It took a global pandemic to fully realize how exhausting socializing can be, even with someone you truly love. , after most people have stopped hanging out with their friends for at least some period of time in the last two and a half years, others have a better idea of what’s what… sort of.
This social fatigue poses a challenge for us. Friends, when the mere thought of being “on” is exhausting? Here are some strategies that can help.
Set Boundaries and Communicate
There’s no rule that you have to socialize all day (or all night). Before you start making plans, tell your friend that you want to hang out together, but you need to limit it to an hour’s lunch, or he’ll have a drink after a particular event, etc.
You’re not obligated to explain to anyone why you aren’t spending more time together, but you can tell your friends honestly that socializing wipes you out. You may thank me for what you said.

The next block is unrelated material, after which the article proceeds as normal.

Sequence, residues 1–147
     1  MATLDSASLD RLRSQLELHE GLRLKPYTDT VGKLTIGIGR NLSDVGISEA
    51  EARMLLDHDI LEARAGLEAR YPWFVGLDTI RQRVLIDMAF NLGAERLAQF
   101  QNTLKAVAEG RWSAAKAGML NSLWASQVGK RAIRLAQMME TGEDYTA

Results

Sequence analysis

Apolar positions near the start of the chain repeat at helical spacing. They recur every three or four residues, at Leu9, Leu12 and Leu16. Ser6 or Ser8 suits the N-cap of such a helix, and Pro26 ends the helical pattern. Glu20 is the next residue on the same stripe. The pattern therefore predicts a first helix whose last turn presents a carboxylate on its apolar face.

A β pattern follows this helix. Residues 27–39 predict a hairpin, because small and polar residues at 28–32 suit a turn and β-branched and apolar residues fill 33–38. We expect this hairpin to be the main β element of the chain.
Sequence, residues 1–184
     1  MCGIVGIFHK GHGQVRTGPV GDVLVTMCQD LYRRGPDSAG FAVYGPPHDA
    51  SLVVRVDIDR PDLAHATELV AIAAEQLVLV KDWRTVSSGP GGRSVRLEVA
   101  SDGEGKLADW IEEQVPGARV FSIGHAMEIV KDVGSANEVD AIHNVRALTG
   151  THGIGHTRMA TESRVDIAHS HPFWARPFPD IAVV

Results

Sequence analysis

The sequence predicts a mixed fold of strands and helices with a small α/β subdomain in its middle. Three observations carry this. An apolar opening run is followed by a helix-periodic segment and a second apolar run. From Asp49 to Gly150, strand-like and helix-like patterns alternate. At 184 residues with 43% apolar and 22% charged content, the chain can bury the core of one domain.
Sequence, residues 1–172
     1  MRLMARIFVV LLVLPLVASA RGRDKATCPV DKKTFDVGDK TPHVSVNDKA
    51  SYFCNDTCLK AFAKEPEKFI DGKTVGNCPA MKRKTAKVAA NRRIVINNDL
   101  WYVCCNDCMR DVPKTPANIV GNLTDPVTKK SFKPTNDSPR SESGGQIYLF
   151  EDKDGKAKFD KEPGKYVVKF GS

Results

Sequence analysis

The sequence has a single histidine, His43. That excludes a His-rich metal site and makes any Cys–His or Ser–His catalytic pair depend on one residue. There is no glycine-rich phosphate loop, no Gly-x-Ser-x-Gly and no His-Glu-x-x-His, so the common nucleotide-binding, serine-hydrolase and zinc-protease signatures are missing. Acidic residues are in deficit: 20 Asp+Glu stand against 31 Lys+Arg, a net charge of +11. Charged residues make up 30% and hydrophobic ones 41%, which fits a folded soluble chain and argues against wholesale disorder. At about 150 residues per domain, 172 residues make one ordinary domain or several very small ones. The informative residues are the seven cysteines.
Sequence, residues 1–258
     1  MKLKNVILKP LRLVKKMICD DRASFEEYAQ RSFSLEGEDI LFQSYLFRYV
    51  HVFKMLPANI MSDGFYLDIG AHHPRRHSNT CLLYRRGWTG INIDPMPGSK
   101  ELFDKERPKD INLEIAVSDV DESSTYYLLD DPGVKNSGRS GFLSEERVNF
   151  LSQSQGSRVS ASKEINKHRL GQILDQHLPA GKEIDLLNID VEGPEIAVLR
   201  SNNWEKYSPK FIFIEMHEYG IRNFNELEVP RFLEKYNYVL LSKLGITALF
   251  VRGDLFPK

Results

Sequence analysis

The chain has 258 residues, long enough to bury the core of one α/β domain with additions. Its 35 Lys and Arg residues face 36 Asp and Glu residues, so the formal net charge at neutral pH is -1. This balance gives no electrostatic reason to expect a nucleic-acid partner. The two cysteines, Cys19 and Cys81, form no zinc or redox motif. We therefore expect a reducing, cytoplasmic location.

plan alone time
If you’re having a hard time making plans with someone, formally make time for yourself (Like, put it in the calendar). That way, instead of moving on to the next exhausting task (even if it’s a fun one), you know you’ll have some quiet time to recuperate.
Identify (and avoid) the most triggering situations
Part of your social fatigue Feeling anxious in certain settings or situationsFirst figure out what they are (if they exist). For example, are you afraid to go to noisy restaurants or bars? Do you get nervous and have to yell to hear your friends? Or can you hang out with one or her two people, but would you be nervous if there were more than that?
Think about what makes you uncomfortable, then let your friend know that you want to avoid it if possible. From there, develop a plan that works for everyone (or at least doesn’t cause unnecessary anxiety).
How to stay good friends while avoiding social fatigue
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